Four Freedom Teachers Flip Out to Help Students Succeed

Four Freedom Teachers Flip Out to Help Students Succeed

Remember those nights you sat at the kitchen table, trying to finish your math homework, but you just couldn’t remember how to do the problems? Four teachers at Freedom Elementary are flipping their math instruction so that doesn’t happen to their students. In a flipped lesson, the hard stuff happens in class and the easy stuff goes home.

Here’s how it works.
•Teachers create a video of the direct instruction part of their lesson and email it to their students to watch as homework.
•During the video, teachers define terms, demonstrate solving math problems, and lead guided practice. At the end of the video, students are given an assignment of 2-4 problems to try on their own. They control the video and can review the demonstrations as needed to complete those problems.
•The next day, the class debriefs those problems.
•Then the students do their “homework”. (Hmmm…I think we’re going to have to call that something else now.)
•The teacher meets with individual students or small groups during class to ensure that students understand the math assignment.

As a result, more students are mastering math concepts. Mrs. Martin, 3rd grade, reported that before flipping, her class’s mastery, as shown on unit tests, was around 75-80%. In the flipped unit, it was 100%. Mr. Shumaker, 6th grade, reported greater student mastery as well. Although flipping doesn’t ensure 100% mastery, it does give students access to the teacher when they are most likely to need additional instruction.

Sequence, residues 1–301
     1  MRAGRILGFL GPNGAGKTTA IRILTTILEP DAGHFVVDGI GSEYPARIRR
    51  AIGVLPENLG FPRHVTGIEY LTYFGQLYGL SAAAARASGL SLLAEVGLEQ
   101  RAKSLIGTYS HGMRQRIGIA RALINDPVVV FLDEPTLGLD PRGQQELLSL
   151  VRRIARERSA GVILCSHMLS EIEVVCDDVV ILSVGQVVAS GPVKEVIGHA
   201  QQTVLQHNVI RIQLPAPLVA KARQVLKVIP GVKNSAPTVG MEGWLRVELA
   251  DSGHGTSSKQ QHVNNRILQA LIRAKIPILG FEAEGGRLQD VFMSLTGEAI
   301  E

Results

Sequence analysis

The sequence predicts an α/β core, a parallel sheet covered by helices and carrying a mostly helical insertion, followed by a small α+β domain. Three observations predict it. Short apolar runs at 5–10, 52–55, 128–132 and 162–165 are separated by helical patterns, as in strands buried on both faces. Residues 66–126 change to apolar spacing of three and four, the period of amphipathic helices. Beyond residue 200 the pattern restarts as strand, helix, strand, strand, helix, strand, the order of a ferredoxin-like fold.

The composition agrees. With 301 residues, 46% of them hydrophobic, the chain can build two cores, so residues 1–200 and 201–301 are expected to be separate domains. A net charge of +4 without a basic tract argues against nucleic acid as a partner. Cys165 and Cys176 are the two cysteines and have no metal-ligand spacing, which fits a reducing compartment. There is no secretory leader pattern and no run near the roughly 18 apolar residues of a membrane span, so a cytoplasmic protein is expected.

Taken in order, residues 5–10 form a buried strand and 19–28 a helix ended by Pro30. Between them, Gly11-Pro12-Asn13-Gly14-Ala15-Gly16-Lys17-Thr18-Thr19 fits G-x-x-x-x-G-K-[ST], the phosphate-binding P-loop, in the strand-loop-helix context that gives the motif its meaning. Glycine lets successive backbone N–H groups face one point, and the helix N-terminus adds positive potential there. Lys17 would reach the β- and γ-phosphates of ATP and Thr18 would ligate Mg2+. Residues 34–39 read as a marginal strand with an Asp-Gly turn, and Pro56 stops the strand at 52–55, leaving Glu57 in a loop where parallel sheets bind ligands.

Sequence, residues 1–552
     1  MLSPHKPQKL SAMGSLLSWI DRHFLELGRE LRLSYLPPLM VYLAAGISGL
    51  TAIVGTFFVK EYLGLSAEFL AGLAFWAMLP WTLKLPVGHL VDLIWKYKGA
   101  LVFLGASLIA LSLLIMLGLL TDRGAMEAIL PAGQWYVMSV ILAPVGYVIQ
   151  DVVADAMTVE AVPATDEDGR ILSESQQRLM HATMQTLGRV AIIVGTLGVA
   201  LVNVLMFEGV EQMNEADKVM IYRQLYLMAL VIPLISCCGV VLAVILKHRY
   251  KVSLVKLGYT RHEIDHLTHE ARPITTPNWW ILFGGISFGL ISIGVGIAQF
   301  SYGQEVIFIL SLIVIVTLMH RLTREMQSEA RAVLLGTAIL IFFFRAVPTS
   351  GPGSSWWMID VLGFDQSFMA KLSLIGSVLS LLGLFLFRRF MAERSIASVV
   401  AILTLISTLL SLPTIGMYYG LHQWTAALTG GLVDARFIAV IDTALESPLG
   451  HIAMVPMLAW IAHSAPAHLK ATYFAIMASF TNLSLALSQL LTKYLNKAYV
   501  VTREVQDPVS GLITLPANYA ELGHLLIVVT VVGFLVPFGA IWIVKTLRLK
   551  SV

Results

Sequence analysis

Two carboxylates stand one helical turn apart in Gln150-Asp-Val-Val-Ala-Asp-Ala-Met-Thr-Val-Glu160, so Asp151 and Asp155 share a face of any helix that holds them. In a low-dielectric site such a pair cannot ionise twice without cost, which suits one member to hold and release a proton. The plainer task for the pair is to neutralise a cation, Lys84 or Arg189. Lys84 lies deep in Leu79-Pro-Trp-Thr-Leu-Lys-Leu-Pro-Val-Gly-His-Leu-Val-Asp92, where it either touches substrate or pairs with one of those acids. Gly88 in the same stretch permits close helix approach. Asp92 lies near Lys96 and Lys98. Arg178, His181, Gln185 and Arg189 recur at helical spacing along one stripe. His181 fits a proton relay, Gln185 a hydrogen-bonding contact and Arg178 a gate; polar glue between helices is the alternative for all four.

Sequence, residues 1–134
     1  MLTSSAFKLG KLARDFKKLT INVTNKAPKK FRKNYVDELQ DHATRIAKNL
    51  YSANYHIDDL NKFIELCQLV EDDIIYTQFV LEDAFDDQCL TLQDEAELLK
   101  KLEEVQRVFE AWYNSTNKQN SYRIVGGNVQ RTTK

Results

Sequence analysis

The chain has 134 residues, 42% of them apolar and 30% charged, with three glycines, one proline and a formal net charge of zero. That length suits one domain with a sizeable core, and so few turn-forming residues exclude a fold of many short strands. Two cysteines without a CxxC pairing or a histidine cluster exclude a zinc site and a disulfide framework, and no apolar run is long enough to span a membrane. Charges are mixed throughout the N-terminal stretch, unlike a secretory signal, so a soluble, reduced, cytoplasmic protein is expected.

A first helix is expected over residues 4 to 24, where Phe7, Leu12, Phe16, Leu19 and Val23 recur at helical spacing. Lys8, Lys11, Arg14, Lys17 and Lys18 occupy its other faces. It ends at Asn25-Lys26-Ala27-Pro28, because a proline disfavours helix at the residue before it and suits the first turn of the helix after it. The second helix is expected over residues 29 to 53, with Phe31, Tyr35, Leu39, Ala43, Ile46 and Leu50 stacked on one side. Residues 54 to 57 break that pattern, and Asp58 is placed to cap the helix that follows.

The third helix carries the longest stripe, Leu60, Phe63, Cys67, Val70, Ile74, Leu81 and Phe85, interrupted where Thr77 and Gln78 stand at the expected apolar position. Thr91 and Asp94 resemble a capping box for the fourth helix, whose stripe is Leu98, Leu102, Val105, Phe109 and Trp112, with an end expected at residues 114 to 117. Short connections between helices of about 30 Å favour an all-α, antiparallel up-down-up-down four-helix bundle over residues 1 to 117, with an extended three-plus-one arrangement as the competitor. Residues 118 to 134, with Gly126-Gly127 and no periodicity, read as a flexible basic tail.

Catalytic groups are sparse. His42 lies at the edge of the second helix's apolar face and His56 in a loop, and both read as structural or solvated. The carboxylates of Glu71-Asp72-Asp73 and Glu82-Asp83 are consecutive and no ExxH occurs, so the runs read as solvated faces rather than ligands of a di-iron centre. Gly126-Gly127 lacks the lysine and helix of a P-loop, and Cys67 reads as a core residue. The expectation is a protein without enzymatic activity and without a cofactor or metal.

Parents have expressed support for the flipped math lessons. Part of that support stemmed from the way the teachers introduced flipped lessons. At parent-teacher conferences, teachers set up a looping video that explained what flipping is for parents to watch as they waited their turn. Then the teachers did a couple of “flipped” lessons as examples in their classroom to train students to know what to do. Finally, they let parents know what to expect and gave parents a way to give the teachers feedback.

The parents also said they like being able to see how teachers at our school are teaching math. An unintended outcome is that the teachers are also demystifying the math core and winning support for math instruction in our community.

Flipped instruction is another tool Freedom teachers are using to meet our goals for increased student achievement.

Canda Mortensen
Asst. Principal
Freedom Elementary